- There is some interest in producing pipeline quality gas from coal in Canada. There is one commercial pant in the United States (Dakota Gasification) and the literature surrounding that plant has been reviewed, along with new process developments in the field, to develop the basis for a new pathway in the model. This pathway is similar to the wood to natural gas pathway and the use of the gas will include light and heavy-duty vehicles.

Tags: Coal - Ethanol - GHGenius 3.6 - Lignocellulosic - Natural Gas - Wood
 FT Distillate Report
 Prepared March 2006
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FT distillates or gas to liquids (GTL) products are becoming commercial fuels in many parts of the world. The plants producing these fuels are likely to be located in regions with stranded gas assets and the products from the plants are likely to be exported all around the world. In GHGenius, the current default conditions indicate that the lifecycle GHG emissions from these fuels are slightly higher than diesel fuel produced from crude oil. There have been other lifecycle analyses performed on the process and some claim a reduction in GHG emissions for this production pathway. Several of these other reports (PwC on the Shell MDS process, the Five Winds International review for Shell, Sasol and Chevron, Energy and Environmental Solutions, LLC report for the US DOE, and the ConocoPhillips and Nexant report) have been reviewed to determine the reasons for the discrepancies.

There are three primary factors that have been identified that contribute to the different results reported for the GHG emission performance of FT distillate fuels. These are the efficiency of the conversion process, the allocation procedure used in the conventional oil refinery for the emissions for individual products, and the emissions associated with natural gas production.

Since all of the reports are relying on engineering studies for the key thermal efficiency value it is not possible to state that one report has used the correct value and another report has used an incorrect value. Different processes configurations will have different efficiencies due to the reforming approach used, the catalysts employed and other factors. Gas composition could also play a role in the overall efficiency. It could also be that different developers provide the data on a different basis, and annual average or steady state operations for example. The start-up and shut down steps can result in significant GHG emissions with little products being produced and these should be amortized over each cycle.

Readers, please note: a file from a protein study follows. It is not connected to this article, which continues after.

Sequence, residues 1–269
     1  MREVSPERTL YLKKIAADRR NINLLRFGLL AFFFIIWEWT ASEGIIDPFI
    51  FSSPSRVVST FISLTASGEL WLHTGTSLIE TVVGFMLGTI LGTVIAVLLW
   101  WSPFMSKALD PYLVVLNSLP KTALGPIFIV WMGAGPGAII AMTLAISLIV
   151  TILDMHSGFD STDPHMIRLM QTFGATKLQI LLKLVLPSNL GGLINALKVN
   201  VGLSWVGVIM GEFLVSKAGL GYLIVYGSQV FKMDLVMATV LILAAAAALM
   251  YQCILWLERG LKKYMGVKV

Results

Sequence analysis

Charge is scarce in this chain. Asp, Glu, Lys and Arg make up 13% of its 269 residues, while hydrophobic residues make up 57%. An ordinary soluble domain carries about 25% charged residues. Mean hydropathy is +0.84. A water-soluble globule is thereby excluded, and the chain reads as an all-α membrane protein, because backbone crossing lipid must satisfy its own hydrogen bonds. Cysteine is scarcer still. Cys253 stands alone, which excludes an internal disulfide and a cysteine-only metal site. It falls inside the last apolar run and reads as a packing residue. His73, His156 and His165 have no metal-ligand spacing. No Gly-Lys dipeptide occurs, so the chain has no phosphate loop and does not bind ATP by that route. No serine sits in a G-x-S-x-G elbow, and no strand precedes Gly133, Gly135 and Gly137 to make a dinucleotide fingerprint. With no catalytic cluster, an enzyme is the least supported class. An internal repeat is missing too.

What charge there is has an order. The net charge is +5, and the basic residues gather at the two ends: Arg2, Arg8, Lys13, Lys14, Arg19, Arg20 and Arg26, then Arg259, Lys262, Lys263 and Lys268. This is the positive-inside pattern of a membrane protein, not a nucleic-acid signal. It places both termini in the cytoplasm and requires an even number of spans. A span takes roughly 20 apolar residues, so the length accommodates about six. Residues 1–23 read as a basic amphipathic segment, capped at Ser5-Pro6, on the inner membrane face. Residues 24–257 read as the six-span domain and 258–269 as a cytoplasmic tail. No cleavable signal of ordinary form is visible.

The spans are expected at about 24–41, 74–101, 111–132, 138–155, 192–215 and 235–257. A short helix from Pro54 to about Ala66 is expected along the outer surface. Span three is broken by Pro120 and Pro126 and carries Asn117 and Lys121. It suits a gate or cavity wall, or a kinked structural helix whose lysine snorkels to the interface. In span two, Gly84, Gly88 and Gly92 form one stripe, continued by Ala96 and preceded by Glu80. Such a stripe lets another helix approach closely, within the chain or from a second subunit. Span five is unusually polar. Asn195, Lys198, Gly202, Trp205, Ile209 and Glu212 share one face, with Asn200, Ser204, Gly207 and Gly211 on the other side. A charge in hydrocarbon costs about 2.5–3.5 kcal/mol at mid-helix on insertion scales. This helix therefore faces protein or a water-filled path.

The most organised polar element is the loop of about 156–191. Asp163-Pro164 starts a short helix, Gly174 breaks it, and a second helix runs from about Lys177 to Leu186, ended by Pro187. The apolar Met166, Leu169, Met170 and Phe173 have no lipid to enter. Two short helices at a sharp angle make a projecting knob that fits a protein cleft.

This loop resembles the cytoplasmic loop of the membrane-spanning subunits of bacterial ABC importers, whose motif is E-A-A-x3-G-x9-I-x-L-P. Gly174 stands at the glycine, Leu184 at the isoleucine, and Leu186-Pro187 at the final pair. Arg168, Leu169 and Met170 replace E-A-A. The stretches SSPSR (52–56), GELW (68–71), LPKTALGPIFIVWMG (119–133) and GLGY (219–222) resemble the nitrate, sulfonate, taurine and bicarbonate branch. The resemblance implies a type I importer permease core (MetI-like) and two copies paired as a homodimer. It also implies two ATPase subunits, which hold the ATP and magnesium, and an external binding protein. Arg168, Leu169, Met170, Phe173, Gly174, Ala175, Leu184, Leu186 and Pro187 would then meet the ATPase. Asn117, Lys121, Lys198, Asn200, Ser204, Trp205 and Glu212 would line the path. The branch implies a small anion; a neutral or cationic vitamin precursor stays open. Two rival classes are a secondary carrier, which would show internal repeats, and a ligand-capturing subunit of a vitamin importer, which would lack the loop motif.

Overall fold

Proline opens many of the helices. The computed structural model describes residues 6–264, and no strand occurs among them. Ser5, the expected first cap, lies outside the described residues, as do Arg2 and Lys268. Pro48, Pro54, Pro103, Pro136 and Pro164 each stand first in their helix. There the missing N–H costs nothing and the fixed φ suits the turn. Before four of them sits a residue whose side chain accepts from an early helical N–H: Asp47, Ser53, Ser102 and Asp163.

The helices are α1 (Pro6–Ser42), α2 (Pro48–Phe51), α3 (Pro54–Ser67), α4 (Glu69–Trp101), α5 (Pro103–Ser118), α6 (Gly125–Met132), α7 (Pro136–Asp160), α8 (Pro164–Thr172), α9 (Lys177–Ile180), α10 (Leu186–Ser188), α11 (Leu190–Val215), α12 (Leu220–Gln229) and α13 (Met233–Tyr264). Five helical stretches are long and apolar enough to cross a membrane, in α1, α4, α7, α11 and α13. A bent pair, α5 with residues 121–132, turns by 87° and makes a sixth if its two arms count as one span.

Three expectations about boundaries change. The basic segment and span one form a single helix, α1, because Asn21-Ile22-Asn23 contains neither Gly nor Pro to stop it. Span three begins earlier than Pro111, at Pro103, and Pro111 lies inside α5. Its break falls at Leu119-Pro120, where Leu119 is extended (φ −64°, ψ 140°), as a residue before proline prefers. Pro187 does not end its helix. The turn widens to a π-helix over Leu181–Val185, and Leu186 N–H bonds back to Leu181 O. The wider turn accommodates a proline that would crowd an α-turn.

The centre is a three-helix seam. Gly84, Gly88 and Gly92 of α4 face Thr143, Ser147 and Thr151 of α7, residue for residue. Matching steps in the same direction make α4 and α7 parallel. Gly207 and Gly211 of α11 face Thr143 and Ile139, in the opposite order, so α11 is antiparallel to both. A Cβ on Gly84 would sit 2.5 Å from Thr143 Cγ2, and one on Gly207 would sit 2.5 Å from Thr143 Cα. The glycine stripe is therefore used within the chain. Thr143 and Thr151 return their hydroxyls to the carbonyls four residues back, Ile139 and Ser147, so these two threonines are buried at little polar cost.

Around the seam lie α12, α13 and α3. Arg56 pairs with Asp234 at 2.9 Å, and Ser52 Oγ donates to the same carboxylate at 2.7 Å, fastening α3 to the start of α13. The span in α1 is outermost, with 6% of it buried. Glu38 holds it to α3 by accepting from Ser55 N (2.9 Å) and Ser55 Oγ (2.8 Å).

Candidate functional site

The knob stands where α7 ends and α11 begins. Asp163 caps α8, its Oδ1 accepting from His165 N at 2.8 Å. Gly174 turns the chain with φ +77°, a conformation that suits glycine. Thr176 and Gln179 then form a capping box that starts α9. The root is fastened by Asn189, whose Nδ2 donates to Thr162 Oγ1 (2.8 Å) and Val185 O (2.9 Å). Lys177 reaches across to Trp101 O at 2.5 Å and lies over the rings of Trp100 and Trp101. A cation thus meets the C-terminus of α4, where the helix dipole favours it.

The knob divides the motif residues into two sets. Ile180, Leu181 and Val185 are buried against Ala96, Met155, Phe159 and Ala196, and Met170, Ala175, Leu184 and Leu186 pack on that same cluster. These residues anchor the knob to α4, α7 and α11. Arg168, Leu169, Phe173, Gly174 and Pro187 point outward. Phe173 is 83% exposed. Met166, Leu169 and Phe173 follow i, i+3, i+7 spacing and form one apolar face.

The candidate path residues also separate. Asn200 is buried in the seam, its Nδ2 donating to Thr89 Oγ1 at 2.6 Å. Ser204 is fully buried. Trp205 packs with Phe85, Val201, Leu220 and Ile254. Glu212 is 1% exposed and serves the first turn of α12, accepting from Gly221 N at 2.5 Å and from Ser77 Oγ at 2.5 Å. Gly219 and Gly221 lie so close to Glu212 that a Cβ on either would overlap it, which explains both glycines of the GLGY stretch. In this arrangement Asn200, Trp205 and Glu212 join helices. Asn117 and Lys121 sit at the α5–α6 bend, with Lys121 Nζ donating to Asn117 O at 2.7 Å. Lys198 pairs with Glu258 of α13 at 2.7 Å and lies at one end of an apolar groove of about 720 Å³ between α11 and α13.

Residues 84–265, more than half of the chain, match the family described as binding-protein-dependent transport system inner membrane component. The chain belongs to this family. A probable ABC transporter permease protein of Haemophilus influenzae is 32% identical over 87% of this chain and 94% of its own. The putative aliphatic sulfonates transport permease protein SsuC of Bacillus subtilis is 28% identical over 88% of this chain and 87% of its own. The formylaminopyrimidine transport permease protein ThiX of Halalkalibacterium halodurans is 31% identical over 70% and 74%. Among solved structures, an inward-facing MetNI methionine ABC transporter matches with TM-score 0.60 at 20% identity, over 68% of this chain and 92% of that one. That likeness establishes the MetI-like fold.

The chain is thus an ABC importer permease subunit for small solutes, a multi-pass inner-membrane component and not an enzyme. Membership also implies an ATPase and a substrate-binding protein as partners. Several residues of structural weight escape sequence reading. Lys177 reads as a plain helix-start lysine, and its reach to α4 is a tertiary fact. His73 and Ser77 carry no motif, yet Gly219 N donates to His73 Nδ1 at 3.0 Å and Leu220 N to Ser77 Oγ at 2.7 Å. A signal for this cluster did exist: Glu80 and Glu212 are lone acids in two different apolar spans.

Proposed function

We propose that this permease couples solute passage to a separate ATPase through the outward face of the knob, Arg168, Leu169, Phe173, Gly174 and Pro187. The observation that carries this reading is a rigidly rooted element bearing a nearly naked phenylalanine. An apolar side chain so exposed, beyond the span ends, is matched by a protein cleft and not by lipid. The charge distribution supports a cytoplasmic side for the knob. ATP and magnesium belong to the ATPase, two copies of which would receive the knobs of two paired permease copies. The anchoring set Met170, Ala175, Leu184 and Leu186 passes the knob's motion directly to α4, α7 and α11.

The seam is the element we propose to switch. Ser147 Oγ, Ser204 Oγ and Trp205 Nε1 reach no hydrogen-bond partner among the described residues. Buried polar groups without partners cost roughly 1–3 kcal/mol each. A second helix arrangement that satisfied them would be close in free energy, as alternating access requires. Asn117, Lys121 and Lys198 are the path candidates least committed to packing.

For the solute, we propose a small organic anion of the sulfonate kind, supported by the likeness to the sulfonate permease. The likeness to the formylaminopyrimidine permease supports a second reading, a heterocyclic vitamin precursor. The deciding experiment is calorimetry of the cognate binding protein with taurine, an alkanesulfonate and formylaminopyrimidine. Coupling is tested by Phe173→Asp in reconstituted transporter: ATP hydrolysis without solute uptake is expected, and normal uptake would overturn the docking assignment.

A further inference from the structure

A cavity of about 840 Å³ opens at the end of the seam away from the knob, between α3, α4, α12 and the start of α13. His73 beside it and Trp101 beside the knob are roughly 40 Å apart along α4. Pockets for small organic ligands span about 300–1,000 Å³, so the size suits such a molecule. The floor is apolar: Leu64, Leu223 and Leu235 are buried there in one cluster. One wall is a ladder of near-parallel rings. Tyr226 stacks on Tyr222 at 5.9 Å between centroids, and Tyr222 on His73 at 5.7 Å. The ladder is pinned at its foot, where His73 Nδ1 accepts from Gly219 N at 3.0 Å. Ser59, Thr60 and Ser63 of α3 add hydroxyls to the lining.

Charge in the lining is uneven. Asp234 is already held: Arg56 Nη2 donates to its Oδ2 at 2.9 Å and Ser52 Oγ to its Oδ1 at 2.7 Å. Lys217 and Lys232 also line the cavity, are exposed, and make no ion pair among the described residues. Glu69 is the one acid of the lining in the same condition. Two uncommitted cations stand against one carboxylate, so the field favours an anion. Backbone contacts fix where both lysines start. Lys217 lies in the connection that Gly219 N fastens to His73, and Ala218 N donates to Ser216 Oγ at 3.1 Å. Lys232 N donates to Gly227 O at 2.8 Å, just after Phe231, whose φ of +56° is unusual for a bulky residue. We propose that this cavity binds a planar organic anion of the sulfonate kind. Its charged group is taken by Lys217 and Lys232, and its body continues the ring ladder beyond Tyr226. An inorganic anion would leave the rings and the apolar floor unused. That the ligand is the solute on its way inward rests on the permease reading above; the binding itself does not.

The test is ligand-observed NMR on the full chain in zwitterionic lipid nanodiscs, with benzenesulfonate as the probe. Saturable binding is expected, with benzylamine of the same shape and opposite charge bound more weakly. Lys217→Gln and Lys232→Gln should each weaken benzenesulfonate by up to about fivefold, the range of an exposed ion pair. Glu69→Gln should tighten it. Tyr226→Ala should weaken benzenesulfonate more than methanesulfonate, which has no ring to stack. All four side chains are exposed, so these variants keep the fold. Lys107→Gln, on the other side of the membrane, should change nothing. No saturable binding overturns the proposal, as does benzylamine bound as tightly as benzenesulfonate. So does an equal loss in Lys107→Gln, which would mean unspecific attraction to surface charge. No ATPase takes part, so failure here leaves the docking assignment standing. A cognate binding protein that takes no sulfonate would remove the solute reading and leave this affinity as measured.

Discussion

Similarly it is not possible to conclude that one allocation method is superior to another. It can be seen in the PwC and ConocoPhillips work that even using the same functional expansion for co-products very different results can be obtained depending on how the alternative products are produced, natural gas versus coal based products in this case. The choice between natural gas and coal could be different in different regions and may even vary with price, favouring natural gas at low oil prices and coal at high prices. It should be noted that the allocation methodology used in the PwC report would make all alternative fuels look better, not just FT distillates.

There are also differences that will be caused by location differences due to the gas composition, the energy required to produce the gas, and the degree of processing that the raw gas undergoes before entering the GTL plant.

The GHGenius model has been used to quantify the GHG emissions impact of the primary differences between the studies and it has been determined that the process conversion efficiency, the allocation procedures, and the emissions associated with natural gas production are the primary factors leading to the different reported emission results.

Tags: Fischer Tropsch - Natural Gas
 Alternative and Future Fuels for Road Vehicles
 Prepared for Transportation Issues Table, National Climate Change Process in July 1999
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The first work that used the Canadian version of LEM and formed the basis for the development of GHgenius.
Considered Light and Heavy Duty Vehicles
14 fuels considered.
Greenhouse gas emission reductions calculated.
Cost effectiveness of GHG reductions calculated.

Tags: Ethanol - Hydrogen - Methanol - Natural Gas
 GHG Emissions from Natural Gas Vehicles
 Prepared for Canadian Natural Gas Vehicle Alliance in January 2003
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The objectives of this work were to document the benefits of the use of natural gas as a vehicle fuel in three classes of vehicles. The vehicles classes that were of interest were:
  • Light duty vehicles using compressed natural gas, with a focus on full size passenger cars and vans.
  • Medium duty vehicles that could be fuelled with either compressed or liquefied natural gas. These might be refuse haulers or urban buses.
  • Heavy-duty trucks that use liquefied natural gas and the Westport Cycle engines.

For each of these classes of vehicles the impact that the fuel and engine has on greenhouse gas emissions, on the cost effectiveness of the greenhouse gas emission reduction and on criteria air contaminants were calculated and reported.

Tags: GHGenius 2.1 - Natural Gas
 Hydrogen Pathways, Greenhouse Gas Emissions and En
 Prepared for Fuel Cells Canada and Natural Resources Canada in December 2003
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Fifty pathways for transportation fuels are evaluated for their lifecycle greenhouse gas emissions. Forty-five of those involve hydrogen. Thirty-six pathways have been investigated for their energy use and thirty-one of those involve hydrogen. The hydrogen pathways that are studied include the following components: